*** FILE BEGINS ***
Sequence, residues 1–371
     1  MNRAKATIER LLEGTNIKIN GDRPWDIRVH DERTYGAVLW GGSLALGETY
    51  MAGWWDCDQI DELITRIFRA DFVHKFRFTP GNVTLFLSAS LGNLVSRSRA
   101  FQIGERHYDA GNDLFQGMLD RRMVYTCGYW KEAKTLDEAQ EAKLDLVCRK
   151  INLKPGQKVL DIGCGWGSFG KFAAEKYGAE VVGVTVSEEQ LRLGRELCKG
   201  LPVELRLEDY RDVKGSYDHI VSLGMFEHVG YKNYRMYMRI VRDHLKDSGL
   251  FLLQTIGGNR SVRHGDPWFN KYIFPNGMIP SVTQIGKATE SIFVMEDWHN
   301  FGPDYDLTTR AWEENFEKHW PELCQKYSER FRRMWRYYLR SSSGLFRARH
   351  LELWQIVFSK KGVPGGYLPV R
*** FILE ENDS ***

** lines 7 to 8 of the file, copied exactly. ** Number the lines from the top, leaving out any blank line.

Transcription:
   251  FLLQTIGGNR SVRHGDPWFN KYIFPNGMIP SVTQIGKATE SIFVMEDWHN
   301  FGPDYDLTTR AWEENFEKHW PELCQKYSER FRRMWRYYLR SSSGLFRARH